• 6. Housing Policies – Achievement so far Informal Housing • Informal Settlement Upgrading piloted in Erbil and initiated in Baghdad (Governorates, line ministries and UN-Habitat) • Studies completed on Baghdad informal settlements utilizing land sharing mechanisms to redevelop high value informal settlements (UN-Habitat) Constraints • Renewed focus of MoCH on traditional housing delivery mechanisms to meet urgency of current demand • Communication strategy has been insufficient • Commitment of relevant institutions in implementing the policy is not yet translated into significant programmes and budgeted actions Result so far: Limited progress on implementation, therefore limited impacts
  • 7. Suggested Way Forward Housing Policy provides appropriate directions in creating a well functioning housing market, and should remain a medium - long term goal Contributing institutions should reflect on progress and consider whether this approach is well understood, feasible given the limited interaction between ministries, and has sufficient political support If there is political will to move forward, Housing Policy implementation requires unified vision and serious commitment of relevant institutions, strong leadership and adequate resources Additionally, short – medium term mechanisms/ instruments are required in order to rapidly address the housing needs, particularly for the poor
  • 8. Income: USD/month Affordable Housing (Rent to Buy) model 2000 Land /Housing is often “allocated.” Housing provision constrained by ineffective housing market Often informal/inadequate housing Requires housing assistance 500 population
  • 9. Rent to Buy model Housing Agency provides low cost housing - ideally within mixed use development, or mixed housing developments Housing Agency is capitalized by government and through value capture mechanisms on mixed-use developments by private developers Housing units cost are 75 sqm and cost approx 30,000 USD to build Housing is provided on a rental basis (eg 75 USD / month – ie 3% per year of building cost). This makes it affordable to HH with incomes of 300 USD or more HH on lower incomes are provided with rent support based on a periodic means test HH are encouraged to own asset through repaying capital Rent is reduced proportionate to share of ownership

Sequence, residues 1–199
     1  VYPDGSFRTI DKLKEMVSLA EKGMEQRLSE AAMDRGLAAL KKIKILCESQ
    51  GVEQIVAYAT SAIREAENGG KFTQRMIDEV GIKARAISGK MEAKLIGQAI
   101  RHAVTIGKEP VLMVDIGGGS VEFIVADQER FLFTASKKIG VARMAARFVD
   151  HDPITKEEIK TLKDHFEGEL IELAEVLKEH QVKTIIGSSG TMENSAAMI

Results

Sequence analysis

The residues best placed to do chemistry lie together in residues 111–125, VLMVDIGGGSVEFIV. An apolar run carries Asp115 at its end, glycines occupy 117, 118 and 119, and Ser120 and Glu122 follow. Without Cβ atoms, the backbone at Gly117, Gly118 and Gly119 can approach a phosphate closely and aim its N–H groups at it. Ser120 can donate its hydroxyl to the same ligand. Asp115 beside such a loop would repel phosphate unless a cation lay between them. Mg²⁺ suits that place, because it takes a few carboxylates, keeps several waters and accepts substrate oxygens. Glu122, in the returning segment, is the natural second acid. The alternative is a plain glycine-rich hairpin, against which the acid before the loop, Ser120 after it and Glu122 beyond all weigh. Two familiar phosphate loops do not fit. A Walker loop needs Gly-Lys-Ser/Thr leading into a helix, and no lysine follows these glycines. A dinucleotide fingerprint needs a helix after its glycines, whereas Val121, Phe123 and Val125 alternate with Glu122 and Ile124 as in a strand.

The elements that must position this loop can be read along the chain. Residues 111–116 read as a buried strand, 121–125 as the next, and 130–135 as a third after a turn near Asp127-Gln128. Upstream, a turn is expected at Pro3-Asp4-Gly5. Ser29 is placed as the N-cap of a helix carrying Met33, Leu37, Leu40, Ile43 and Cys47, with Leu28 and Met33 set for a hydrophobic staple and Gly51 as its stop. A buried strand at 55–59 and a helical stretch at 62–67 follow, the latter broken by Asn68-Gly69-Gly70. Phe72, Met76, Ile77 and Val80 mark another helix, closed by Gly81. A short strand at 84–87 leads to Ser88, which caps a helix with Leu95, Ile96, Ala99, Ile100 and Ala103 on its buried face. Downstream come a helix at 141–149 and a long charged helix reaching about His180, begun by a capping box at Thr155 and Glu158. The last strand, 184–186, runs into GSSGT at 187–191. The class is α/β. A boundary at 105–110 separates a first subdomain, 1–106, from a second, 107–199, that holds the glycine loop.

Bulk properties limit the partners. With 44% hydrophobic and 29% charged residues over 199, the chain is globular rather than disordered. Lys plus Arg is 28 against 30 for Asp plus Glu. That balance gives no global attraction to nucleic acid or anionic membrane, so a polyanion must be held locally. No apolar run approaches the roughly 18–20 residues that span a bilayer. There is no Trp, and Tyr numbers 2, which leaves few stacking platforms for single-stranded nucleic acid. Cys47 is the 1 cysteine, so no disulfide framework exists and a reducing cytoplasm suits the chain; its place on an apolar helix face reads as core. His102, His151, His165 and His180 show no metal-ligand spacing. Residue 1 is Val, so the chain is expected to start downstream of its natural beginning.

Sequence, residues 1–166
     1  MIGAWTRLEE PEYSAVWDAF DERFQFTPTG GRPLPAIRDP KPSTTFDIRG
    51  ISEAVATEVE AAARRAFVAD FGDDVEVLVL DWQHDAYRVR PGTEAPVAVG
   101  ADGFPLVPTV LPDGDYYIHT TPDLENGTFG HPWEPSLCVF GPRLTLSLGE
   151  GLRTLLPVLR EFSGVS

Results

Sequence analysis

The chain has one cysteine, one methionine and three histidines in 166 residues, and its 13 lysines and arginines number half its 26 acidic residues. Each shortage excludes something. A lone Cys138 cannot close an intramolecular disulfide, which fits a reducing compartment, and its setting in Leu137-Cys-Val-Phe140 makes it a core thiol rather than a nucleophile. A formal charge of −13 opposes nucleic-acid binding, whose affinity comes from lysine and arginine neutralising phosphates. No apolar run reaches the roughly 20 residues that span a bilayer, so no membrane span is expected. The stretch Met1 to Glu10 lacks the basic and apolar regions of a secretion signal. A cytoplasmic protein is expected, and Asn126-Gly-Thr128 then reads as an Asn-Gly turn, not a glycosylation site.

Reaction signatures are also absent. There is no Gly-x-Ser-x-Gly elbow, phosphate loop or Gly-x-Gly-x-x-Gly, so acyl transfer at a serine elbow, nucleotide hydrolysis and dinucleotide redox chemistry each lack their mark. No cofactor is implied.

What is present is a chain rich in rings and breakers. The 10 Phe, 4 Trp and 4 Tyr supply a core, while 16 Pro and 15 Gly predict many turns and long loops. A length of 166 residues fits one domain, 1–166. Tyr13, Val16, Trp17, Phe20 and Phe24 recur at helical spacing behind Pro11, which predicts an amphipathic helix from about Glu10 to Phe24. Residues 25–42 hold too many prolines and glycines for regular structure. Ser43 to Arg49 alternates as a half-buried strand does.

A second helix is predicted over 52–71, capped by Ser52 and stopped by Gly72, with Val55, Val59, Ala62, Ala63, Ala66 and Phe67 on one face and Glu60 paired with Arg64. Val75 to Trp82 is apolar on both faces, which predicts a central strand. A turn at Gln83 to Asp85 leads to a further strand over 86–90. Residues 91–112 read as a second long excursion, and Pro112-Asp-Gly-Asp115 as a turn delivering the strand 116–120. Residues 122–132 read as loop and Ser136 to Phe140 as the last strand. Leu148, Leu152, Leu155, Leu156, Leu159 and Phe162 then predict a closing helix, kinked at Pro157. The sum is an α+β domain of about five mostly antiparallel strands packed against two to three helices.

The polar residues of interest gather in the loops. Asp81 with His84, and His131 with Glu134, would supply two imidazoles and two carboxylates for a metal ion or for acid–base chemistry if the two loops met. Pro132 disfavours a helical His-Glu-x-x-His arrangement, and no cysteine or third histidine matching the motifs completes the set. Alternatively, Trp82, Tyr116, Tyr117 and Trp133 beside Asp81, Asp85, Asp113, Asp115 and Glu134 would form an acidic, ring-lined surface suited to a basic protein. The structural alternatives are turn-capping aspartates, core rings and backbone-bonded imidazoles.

• 10. Affordable Housing (Rent to Buy) model Income: USD/month 500 400 300 Income Repayment Rent Subsidy 75 Rent cost Population
  • 11. Value Capture through Land Sharing: Informal settlement, 9 Nissan, Baghdad 800 households informal 84,000 sq. m Commercial. 58,000 sq. m. MoA Research Lab 56,928 sq. m. and 211 units Private Housing 114,912 sq. m. and 1,512 units, Government supported Housing •Land is redeveloped for mixed use •Phased to avoid external relocation of existing informal residents •Value capture to finance “assisted” housing
  • 12. Land Sharing: Al Bahith El Almi: proposed Outcomes Net positive Cash Flow: 115 Billion IQD (US$98.6 million) Annual Internal rate of return: 68%
  • 13. Value Capture through Land Sharing: What does it take? • An agreement from the land custodian (or custodians) to redevelop the site. • An expeditious conversion of the legal land use as agricultural/protected green zone to the proposed residential and commercial uses. • An initial investment of 27.5 Billion IQD (US$23.6 million).
  • 14. Recommendations: • Continue with Housing Policy Implementation to establish an effective housing market • Expedite housing delivery by establishing a land development agency that develops land for mixed uses, and uses value capture mechanisms to capitalise assisted housing for vulnerable and low income families. [urban informal settlements are a good place to start; land is often high value, has access to trunk infrastructure, local amenities, sources of livelihood, and they in any case need to be addressed] • Establish a Housing Management Organization that provides housing to vulnerable and low-income families on a Rent to Buy basis